Hold, please

trainWe live next to a GO Transit station [HOLD, PLEASE; THERE’S A TRAIN ROARING BY] in a great location that offers convenient access to the city [HOLD, PLEASE; THERE’S A TRAIN ROARING BY] and suburbs [HOLD, PLEASE; THERE’S A TRAIN ROARING BY], as well as shops and restaurants. We can walk out the door [HOLD, PLEASE; THERE’S A TRAIN ROARING BY], take about 50 steps, hop on a train [HOLD, PLEASE; THERE’S A TRAIN ROARING BY], and “zoom” into the city.

The GO Transit is so popular [HOLD, PLEASE; THERE’S A TRAIN ROARING BY] the Ontario government is laying a third track [HOLD, PLEASE; THERE’S A TRAIN ROARING BY] and adding extra parking to accommodate the masses who rely on the trains (and buses) for their [HOLD, PLEASE; THERE’S A TRAIN ROARING BY] daily commute. The entity is also repeatedly increasing fare, but [HOLD, PLEASE; THERE’S A TRAIN ROARING BY] that’s another story (seriously, $12.50 per person, round-trip).

It’s wonderful [HOLD, PLEASE; THERE’S A TRAIN ROARING BY].

HOLD, PLEASE is what we do a lot of while we live next to a GO Transit station. HOLD, PLEASE while on the phone. HOLD, PLEASE while watching TV. HOLD, PLEASE while having a conversation. HOLD, PLEASE while trying to sleep.

However, the trains kinda grow on you after a while [HOLD, PLEASE; THERE’S A TRAIN ROARING BY]. You learn to anticipate the clanging, chugging and whistling [HOLD, PLEASE; THERE’S A TRAIN ROARING BY], and instinctively close the window before one arrives. They kinda [HOLD, PLEASE; THERE’S A TRAIN ROARING BY] lull you to sleep, too. Not the first night though [HOLD, PLEASE; THERE’S A TRAIN ROARING BY]. The first night they make you want to [HOLD, PLEASE; THERE’S A TRAIN ROARING BY] poke your eyeballs out.

I bet [HOLD, PLEASE; THERE’S A TRAIN ROARING BY] we’ll miss them [HOLD, PLEASE; THERE’S A TRAIN ROARING BY] should we ever [HOLD, PLEASE; THERE’S A TRAIN ROARING BY] move away [HOLD, PLEASE; THERE’S A TRAIN ROARING BY]. The clanging. The chugging. The whistling. The fist-shaking.

Maybe we could find [HOLD, PLEASE; THERE’S A TRAIN ROARING BY] another GO Transit station to live next to. One can always hope.

[HOLD, PLEASE; THERE’S A TRAIN ROARING BY.]

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3 thoughts on “Hold, please

  1. I find it odd that Boyfriend never mentioned the fact that he lived 7′ from the main train artery in Canadaville while you were dating. It seems like something that would have come up in conversation. Surely, your Fiance would have made mention of this fact, prior to wedding plans being finalized.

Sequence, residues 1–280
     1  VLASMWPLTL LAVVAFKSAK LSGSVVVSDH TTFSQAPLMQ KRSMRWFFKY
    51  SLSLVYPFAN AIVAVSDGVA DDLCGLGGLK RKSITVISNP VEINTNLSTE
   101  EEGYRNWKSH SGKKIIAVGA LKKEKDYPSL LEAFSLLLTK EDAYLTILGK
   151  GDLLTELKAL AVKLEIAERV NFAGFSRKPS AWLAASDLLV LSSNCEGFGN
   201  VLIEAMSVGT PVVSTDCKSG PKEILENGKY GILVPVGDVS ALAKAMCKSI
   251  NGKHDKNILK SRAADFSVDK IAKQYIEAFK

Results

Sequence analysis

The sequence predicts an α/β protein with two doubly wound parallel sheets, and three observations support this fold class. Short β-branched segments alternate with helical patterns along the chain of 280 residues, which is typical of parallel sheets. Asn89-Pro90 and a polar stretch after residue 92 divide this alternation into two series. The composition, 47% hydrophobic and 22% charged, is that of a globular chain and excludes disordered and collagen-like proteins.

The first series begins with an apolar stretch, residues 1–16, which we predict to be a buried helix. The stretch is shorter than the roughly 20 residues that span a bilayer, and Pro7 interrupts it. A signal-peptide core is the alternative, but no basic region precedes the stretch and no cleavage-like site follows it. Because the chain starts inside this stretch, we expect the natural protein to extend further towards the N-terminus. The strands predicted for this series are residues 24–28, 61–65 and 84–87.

On the bright side, you can leave your windows open and pretend to be a homeless person, living in a train yard. Or, every time you hear the roaring train passing through, envision that it’s Thomas the Tank Engine, moving those pesky little freight cars to and fro on the little Island of Sodor with his friends Edward, Gordon, and Percy.

    If it’s any consolation, your Husband’s father-in-law LOVES trains. When Heather and I lived downtown and your parents would spend the evening, your father would give me a status update at breakfast each morning, on the number of trains that passed through the prior evening, how many cars were on each train, and which consumer goods were being transported in said cars.

  2. Mom says:

    Josh, how funny, but you are right. Jill, your Uncle Rog disliked bugs and pesky critters that would attach themselves to him when biking, camping, etc. He told me that when he accepted them, they would no longer bother him. Maybe you could ask the train system if you could work part time helping the people or whatever the workers do. After the initial breakin I doubt if you would even notice the trains at home anymore. This would be your way of ‘accepting’ them and they would no longer bother you.

  3. jilladuling says:

    Oh, Mom. I don’t mind the trains. They’re just a part of life here. Toot! Toot!

    For the record, bugs are WAY WORSE than trains.

    And, Joshua, your father is a smart, smart man. He can tell a lot of things just by listening. Oh, look! There goes Thomas now!

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